Proposal: Deprecate Builders

Richard Bair richard.bair at
Wed Apr 3 21:17:40 PDT 2013

On Apr 3, 2013, at 4:34 PM, John Hendrikx <hjohn at> wrote:
> The second example shows the problem that always occurs when building object structures:
>> Group g = new Group(gg ->  {
>>     gg.getChildren().addAll(new Button(b ->  {
>>         b.setText("Hello");
>>     });
>> });
> What names should the variables have?  When constructing a deeply nested set of objects I rapidly run out of good names for my variables.  Giving them long descriptive names is incredibly counter-productive when you have to call several methods on them (ie, centerPanelWestBorderListGroup.setText() gets cumbersome).  Inevitable we end up with a mess of variables g1, g2, g3, button1, button2, etc…

It shouldn't be a problem for siblings, but you do get that problem with each level. So for example:

Group root = new Group(g -> {
    g.getChildren().addAll(new Button(b -> { … }), new Button(b -> { … }));

> This exactly what Builders prevent and also what the subclass-initializer pattern prevents.  These patterns allow for code to be moved around without having to worry about variable naming conflicts -- or having to worry about keeping variable names updated (let's add another panel around the centerPanel...)
> I'm curious however what generic problem you are running into.  Long ago I wrote code that solved the casting and generics problems with the with-pattern.  It basically looked like this:
> public final Button extends AbstractButton<Button> {
>  // empty subclass, which only overrides self()
>  protected Button self() {
>     return this;
>  }
> }
> public abstract AbstractButton<C> extends AbstractNode<C> {
>   // contains the main code
>   public C setText(String text) {
>      ...
>      return self();
>   }
> }
> public abstract AbstractNode<C> {
>  public C setColor(Color color) {
>     ...
>     return self();
>  }
>  protected abstract C self();
> }
> Now, the nice thing here is that the user can access setters accross classes without having to cast the result, and there's no generics in user code:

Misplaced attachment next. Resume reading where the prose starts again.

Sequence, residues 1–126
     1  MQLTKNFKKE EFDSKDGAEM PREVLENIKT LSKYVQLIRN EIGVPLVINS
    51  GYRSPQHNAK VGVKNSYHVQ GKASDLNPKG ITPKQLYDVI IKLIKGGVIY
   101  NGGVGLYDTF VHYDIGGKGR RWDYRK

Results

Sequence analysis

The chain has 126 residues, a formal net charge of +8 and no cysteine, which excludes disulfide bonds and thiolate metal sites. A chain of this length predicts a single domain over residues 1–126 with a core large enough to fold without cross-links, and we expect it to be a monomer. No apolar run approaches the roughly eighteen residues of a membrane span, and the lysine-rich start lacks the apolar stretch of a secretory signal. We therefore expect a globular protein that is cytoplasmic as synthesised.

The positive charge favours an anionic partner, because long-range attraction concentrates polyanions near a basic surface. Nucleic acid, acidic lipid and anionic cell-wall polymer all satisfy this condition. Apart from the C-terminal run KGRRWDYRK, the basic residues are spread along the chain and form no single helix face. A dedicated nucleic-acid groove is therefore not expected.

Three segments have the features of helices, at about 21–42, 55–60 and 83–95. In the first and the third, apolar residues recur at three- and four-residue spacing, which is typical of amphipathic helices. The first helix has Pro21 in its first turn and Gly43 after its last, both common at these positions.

> Button b = new Button().setColor(RED).setText("A");  // Note that after Node#setColor() I can still call Button#setText().
> The disadvantage of course was the extra classes required (although the final classes are mostly empty, and only provide the self() method as Java has no mechanism to do this more directly) and of course it made creating new controls a bit more effort (have to extend an Abstract class, and provide a convience final class).
> I'm wondering if this is also affected by the bug aforementioned and fails on JDK8, or if this is a different trick…

No, I think this is OK on Java 8 and was an approach looked at (although we looked at it by having AbstractFooBuilder & FooBuilder at every level, rather than in the actual class hierarchy). It suffers as you say from excessive classes. The other thing that bothers me is having a setter that doesn't return void. That doesn't bother me in the general sense (it seems like a fine thing to do!) but from the perspective that it breaks the conventional definition of a bean setter, and so will run afoul of any existing JavaBeans tools which might, for example, explicitly check for a public void setFoo method for any given foo property to determine whether it is writable. Fitting in to the existing Java universe was an important design constraint.


More information about the openjfx-dev mailing list